Google has recently come under fire for the fact that it charges a large portion of the profits made by the developers of apps and games on the Play Store. This came under the scanner more prominently because Epic Games which developed the popular multiplayer game Fortnite released the game on Android by hosting the APK file on its own website and not the Google Play store. Reports pointed to the fact that Epic Games wanted to avoid the exorbitant cut of 30 percent that Google charges from the developers.
“The 30 percent store tax is a high cost in a world where game developers’ 70 percent must cover all the cost of developing, operating, and supporting their games,” Epic Games founder and CEO Tim Sweeney told Business Insider in August of last year. “On open platforms, 30 percent is disproportionate to the cost of the services these stores perform, such as payment processing, download bandwidth, and customer service”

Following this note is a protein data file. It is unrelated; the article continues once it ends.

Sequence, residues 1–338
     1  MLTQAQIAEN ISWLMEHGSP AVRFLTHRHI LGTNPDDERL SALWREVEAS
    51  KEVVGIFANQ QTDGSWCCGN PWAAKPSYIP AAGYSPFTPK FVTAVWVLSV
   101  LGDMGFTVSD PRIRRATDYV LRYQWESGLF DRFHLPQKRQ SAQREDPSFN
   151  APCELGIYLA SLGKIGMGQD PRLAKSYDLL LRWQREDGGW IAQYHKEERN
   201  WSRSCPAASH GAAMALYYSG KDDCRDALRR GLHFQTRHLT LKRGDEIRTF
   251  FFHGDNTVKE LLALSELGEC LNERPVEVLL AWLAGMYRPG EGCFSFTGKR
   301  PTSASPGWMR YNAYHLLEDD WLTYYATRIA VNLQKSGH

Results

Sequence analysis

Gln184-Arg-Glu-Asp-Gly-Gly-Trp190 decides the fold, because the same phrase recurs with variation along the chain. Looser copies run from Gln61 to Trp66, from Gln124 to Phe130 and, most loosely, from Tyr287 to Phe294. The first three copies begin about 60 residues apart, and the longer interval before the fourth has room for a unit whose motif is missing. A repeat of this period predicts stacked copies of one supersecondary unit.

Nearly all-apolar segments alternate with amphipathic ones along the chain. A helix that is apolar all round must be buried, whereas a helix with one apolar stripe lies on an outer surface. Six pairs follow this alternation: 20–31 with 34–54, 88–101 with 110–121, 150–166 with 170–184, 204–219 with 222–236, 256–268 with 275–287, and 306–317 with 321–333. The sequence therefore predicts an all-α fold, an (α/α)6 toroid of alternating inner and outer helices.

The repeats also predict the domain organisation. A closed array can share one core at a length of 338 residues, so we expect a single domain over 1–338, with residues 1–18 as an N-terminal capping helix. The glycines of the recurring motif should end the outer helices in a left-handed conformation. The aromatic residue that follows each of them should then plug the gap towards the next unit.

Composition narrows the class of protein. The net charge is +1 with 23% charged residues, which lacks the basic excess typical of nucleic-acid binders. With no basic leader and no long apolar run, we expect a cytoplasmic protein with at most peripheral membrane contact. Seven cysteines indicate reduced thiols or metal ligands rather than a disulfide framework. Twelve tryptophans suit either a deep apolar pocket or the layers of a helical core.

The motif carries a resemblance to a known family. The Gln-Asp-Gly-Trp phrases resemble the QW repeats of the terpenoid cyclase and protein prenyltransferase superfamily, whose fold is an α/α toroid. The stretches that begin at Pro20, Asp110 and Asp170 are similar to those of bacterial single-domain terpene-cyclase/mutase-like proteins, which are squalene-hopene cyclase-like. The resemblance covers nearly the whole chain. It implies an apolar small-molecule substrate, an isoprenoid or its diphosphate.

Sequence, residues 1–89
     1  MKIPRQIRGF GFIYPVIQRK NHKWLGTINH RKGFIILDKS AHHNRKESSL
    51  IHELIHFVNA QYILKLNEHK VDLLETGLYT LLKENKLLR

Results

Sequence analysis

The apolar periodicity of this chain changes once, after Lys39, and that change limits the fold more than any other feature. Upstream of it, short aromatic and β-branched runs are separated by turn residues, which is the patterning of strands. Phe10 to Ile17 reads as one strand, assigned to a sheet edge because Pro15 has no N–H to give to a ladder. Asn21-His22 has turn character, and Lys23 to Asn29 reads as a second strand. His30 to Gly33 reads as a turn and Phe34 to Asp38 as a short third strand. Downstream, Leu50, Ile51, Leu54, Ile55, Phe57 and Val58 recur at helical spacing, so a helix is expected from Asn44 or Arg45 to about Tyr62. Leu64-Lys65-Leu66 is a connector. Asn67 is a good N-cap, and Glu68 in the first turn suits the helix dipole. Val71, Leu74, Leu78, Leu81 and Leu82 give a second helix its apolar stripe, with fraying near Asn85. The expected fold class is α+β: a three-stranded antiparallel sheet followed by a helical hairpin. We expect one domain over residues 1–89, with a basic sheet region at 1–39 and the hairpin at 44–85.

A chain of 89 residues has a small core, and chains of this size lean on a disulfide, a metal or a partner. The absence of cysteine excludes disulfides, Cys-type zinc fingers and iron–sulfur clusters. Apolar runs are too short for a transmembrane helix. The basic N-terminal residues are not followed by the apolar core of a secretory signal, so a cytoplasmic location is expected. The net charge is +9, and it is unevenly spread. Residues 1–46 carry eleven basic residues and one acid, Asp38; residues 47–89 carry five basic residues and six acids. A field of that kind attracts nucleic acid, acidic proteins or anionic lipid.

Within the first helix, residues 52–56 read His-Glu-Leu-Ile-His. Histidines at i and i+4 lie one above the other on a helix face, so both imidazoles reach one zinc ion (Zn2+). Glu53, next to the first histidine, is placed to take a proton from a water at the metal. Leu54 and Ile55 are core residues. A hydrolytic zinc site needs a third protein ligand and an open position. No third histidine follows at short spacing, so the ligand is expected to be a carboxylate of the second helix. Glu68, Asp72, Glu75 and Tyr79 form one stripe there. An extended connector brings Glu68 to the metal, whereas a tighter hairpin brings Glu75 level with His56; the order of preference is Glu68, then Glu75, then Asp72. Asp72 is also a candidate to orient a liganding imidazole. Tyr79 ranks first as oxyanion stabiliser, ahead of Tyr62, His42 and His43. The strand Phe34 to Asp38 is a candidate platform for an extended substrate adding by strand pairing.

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Analysts estimated that Google lost an approximated $50 million in revenue with Fortnite not being hosted on Google Play Store. And now in an earnings call with investors, Google CEO Sundar Pichai has specifically said that the company will be sticking to present plan of revenue split of 30 percent on all app sale and in-game purchases. He referred to the fact that Apple has charges the same ratio and said, “I think there’s a value exchange there and it’s been the industry standard.”
But looking at the Epic Games which is already planning to take on Steam, which is a PC game platform giant which also happens to split profits in the 30/70 ratio, Google may have to rethink plans in future. Epic Games has launched its own PC game hosting platform called Epic Games Store which is charging the developers only 12 percent instead of the 30 from Steam. But Sundar Pichai didn’t put anything down in stone and commented on the future of the financial structure and said, “We’ll continue down that path, but obviously we always adapt to where the market is.”